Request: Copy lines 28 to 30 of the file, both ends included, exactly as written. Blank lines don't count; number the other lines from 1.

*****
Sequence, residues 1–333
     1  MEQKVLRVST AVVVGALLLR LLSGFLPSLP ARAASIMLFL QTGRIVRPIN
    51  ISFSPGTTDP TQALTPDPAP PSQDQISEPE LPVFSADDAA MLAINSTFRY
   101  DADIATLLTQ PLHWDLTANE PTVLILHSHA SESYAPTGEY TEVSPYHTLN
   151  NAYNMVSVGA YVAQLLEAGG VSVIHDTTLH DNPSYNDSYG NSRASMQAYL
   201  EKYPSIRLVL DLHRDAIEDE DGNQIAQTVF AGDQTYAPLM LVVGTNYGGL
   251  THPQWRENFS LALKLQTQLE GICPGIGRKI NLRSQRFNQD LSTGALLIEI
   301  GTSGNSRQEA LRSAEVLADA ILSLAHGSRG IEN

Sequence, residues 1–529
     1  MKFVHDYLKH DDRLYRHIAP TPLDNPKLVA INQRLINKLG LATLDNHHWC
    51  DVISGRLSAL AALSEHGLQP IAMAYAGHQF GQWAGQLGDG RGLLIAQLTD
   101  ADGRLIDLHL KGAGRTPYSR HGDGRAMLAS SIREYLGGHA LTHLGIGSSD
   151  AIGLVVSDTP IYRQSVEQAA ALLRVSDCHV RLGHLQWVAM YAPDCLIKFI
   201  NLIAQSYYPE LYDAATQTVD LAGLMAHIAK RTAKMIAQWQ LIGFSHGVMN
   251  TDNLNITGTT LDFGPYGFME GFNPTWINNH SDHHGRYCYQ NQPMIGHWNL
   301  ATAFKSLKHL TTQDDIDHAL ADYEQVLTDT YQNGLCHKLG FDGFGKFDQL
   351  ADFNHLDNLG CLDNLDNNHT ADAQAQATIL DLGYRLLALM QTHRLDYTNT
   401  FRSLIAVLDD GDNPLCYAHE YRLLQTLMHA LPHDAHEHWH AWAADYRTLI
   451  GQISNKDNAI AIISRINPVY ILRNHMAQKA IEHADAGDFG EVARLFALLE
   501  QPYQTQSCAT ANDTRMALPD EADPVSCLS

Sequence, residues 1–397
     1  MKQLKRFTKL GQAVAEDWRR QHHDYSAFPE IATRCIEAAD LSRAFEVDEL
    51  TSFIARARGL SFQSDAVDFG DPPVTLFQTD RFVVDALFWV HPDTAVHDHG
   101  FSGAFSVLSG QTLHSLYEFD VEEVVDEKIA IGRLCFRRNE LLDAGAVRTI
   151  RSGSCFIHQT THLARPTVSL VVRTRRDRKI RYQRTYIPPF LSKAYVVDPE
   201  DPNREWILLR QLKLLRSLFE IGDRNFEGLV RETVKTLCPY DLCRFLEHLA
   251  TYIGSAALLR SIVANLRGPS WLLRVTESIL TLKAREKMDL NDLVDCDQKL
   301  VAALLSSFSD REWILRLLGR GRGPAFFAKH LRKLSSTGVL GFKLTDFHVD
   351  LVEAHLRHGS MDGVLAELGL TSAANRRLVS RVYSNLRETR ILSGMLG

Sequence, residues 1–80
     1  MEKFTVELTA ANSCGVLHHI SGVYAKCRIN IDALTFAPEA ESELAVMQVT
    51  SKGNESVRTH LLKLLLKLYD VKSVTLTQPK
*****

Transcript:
   301  VAALLSSFSD REWILRLLGR GRGPAFFAKH LRKLSSTGVL GFKLTDFHVD
   351  LVEAHLRHGS MDGVLAELGL TSAANRRLVS RVYSNLRETR ILSGMLG

Sequence, residues 1–80